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“I’ll send you the slides.”

The fairy tale about the double use of presentation slides as handouts goes something like this: Without any extra effort from your side, the audience can review what you said plus they are reminded of you when they look at the slides.

Which is exactly the problem: when they look at it. Which, of course, is mostly never.

Handouts are rarely fun. They are cumbersome to read and often plain impractical as a reference: Who wants to sift through 30 pages of loosely structured, badly designed info that would have easily fit on one page if written down concisely?

There might be more useful handouts than your slides, don’t you think?

Apart from that one page summary, here are some random ideas that have a better chance of being looked at:

Do you manufacture tools? Why don’t you leave a couple of them so your customers can try them at home – and be reminded of you when they do (which they’ll do if they are actually useful tools).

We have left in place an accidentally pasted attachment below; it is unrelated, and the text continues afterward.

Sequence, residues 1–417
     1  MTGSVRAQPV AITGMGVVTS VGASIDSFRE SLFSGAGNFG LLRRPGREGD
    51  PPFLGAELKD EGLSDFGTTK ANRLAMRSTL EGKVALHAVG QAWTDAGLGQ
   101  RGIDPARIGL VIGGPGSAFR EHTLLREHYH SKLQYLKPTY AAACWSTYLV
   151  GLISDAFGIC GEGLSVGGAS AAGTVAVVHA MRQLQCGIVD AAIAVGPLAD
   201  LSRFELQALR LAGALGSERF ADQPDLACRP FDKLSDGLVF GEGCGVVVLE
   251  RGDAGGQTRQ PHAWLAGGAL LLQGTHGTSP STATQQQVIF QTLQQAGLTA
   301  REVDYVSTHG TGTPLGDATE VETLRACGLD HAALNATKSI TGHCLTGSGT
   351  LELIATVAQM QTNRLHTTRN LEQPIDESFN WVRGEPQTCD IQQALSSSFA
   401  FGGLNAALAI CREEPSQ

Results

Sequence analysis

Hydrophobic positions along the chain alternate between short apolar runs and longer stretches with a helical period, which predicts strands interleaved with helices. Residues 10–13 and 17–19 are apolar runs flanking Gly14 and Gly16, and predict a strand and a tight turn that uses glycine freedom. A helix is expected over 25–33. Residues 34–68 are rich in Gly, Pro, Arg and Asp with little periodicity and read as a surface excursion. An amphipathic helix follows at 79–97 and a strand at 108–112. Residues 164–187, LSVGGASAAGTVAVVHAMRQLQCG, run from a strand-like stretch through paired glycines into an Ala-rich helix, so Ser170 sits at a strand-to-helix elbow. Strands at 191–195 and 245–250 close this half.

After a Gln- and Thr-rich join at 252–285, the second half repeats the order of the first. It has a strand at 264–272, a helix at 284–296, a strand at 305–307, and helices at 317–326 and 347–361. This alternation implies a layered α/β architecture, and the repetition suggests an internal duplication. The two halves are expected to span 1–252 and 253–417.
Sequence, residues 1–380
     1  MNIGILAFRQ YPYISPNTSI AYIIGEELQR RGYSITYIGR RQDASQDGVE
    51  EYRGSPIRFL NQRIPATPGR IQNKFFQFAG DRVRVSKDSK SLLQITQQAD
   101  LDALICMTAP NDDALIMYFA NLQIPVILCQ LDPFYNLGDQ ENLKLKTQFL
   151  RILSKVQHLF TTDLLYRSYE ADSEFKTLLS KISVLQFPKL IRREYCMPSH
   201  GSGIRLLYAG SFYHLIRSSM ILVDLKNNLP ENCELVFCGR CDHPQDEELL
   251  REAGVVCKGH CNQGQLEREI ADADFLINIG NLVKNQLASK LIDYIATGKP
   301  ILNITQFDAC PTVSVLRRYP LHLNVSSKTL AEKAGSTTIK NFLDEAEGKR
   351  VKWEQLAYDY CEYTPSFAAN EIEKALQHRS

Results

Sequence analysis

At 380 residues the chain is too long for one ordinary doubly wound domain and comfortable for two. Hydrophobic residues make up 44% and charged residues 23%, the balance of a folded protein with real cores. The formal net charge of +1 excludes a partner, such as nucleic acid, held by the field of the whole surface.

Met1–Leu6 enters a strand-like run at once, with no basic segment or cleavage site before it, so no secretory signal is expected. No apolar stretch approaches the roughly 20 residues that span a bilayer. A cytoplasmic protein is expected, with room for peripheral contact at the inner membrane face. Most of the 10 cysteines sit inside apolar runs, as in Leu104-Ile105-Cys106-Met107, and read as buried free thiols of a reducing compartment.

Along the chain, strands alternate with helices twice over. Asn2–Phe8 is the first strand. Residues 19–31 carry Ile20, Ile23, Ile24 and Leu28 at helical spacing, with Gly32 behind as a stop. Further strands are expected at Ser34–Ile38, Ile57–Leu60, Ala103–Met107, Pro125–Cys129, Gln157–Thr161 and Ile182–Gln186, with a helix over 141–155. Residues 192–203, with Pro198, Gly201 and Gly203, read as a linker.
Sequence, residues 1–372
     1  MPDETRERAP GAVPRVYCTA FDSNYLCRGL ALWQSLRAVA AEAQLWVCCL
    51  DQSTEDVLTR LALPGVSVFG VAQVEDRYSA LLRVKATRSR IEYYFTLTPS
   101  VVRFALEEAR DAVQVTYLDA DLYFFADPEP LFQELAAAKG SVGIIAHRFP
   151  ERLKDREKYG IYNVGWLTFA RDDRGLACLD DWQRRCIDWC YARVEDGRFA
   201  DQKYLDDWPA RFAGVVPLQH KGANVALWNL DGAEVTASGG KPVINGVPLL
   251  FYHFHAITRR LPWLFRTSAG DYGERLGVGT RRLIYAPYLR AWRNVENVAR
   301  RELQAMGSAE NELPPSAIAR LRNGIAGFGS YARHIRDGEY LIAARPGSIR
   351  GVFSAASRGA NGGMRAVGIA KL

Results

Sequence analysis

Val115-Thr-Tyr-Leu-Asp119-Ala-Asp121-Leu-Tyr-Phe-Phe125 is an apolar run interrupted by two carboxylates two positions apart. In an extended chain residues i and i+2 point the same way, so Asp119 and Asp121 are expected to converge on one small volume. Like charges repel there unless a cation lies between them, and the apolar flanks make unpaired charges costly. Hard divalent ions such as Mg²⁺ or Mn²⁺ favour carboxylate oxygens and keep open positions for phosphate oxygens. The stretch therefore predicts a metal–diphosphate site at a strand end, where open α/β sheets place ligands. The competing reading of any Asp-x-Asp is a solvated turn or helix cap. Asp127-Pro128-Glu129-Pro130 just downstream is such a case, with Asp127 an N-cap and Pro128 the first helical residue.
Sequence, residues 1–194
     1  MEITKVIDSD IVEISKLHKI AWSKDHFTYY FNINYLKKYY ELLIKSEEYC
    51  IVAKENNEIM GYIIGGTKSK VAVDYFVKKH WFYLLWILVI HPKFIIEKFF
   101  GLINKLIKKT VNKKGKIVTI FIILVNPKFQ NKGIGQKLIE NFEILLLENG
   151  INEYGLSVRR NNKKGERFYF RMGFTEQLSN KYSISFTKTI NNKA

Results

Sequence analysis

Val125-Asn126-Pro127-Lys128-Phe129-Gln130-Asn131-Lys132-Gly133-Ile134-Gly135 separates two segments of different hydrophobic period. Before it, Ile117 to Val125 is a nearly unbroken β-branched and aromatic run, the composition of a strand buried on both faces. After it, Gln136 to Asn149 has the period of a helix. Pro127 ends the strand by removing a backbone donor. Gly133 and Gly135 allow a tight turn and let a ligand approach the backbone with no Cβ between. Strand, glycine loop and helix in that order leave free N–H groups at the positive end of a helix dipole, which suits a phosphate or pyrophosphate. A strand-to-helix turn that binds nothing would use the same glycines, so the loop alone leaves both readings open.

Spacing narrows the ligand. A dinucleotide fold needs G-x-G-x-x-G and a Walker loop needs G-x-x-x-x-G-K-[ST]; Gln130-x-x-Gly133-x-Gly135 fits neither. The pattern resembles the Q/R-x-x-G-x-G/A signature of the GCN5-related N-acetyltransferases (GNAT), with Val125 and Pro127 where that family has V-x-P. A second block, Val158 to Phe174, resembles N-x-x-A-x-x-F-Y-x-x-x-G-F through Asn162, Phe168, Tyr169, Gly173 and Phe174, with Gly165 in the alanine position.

Do you provide customized services? Why don’t you close the laptop, analyze your customer’s struggles using paper and pen, sketch possible solutions and leave the sketch with the customer (but don’t forget to take a picture so you can write an appropriate proposal).

Are you a designer or artist? Why don’t you leave your customers something that’s a pure joy to look at, let’s say a poster. You can greatly increase the chance of them actually putting it on the wall when it contains useful knowledge, e.g. “Three ways to make your message more relatable” or “The history of app design” – you get the idea.

Are you a consultant? Everything you know can be found on the internet in one way or the other. However, actually finding it is difficult. Why don’t you just assemble a reference handbook for your clients that is so well written that they find what they are looking for faster than on the internet and can understand it more easily. They are not hiring you for the knowledge but for your skills in helping them make the knowledge work for them.

If you want to be memorable with your handouts, give your customers something they will enjoy looking at or using often. Sure, that’s extra effort. And no, it’s not guaranteed that this effort will pay off.

But: nothing creates more trust than providing real value.

PS: Whatever you choose to leave as a handout, don’t forget to place your contact info on it.

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